I tried creating a project for the CY8C6245 processor on PSOC Creator 4.4.
It is not in the list of allowable processors. The PSOC 62 processor version 246 and 247 parts are there, but not the 245.
What can I download to support the CY8C6245 on PSOC Creator?
Solved! Go to Solution.
Unfortunately, that was not a good answer. Is PSOC Creator at end of life?
Since Modus Toolbox does not support parts before PSOC 6, does that mean that previous PSOC parts are at End Of Life?
We will need to do a lifetime buy if that is the case.
No PSoC Creator is not EoL. It still remains a fully supported IDE. Most of the PSoC6 and some PSoC4 devices will only be supported in ModusToolbox. PSoC Creator can be used for all other supported parts.
Please refer to the device datasheet section Supported Ecosystems to understand the IDE to be used for developing the application for your particular device.
Some PSoC6 parts are supported in Creator. These are PSoC6 parts that have UDBs. UDBs at this time can only be configured in Creator.
PSoC3, PSoC5 and many PSOC4 parts are only supported in Creator.
Yes, I finally figured that out. It was not obvious to me in any of the literature until I finally realized what I was *not* reading.
These parts are NOT PSOC (Programmable System On Chip) devices. They are Configurable On Chip devices. Much like Atmel. Much like Microchip. Very much like the rest of the crowd. However, they do have routable outputs, which is still a leg up for a Configurable On Chip device.
It is true that some of the newer PSOC parts do not have UDB's in them. (Maybe that part of the die failed and was cut out.)
It is my opinion, and others are free to disagree with me, that the ModusToolbox is a nightmare. Like Quigley, I don't have any use for it. One reason for that attitude is the experiences I have had with Eclipse. Enough said.
Every PSOC has a different number of UDB's, so the number can be set to 0 for these neutered parts, and they can be supported in PSOC Creator. It may take some work, but it will be worth it for Infineon, because it will advertise the better parts as people deal with and program these "Pi 0" style of parts.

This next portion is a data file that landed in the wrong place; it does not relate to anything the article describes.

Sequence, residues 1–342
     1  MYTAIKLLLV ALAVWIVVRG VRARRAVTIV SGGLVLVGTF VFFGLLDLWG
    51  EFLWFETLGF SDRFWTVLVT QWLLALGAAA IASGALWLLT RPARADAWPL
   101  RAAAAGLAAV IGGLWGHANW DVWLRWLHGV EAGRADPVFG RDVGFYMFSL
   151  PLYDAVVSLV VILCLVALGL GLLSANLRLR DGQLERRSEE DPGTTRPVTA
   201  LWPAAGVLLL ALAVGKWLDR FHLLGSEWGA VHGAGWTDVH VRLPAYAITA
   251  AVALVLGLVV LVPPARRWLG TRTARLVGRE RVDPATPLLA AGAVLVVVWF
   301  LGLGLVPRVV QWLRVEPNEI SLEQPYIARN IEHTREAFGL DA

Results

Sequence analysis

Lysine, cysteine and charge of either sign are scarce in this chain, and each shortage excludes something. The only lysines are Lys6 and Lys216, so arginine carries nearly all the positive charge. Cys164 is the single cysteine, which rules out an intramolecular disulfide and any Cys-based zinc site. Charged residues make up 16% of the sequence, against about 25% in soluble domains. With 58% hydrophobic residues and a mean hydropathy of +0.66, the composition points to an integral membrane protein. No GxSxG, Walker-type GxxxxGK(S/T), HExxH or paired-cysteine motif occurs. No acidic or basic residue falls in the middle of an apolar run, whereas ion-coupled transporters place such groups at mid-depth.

I suspect that the reason to switch from Creator to a simpler IDE was to cut cost on the software development. I liked Creator's similarity to a LabView, which was fun and easy to use. For commercial mass production this probably is not important, but for makers's community it is. Last couple of years I see dramatic decline in PSoC forum's activity, which reflects PSoC's demise in the makers's community. PSoC slowly becomes a proprietary microcontroller, similar to the venerable Rabbit Semiconductor. There are probably economic reasons, driven by the market pressure, which doesn't matter for me as a hobbyist.
I am in the process of creating a Ramps 1v4 compatible board that hosts a CY8CKit-059. I am also writing a 3d printer code set for it, which is gpl, and uses FreeRTOS. Unfortunately, I have to write it because I need to be able to license some of the code to others. I am *not* using any gpl code in it. Everything is what I wrote, or if not, it is MIT, BSD, or Apache license.
You can follow the progress at socmaker.com. Hopefully soon, I will have tested enough to do the first release of the board and printer code.
Ramps 1v4 boards can be found on amazon fully loaded for around $8. So a printer can be driven by a PSOC at about the same price as atmel boards.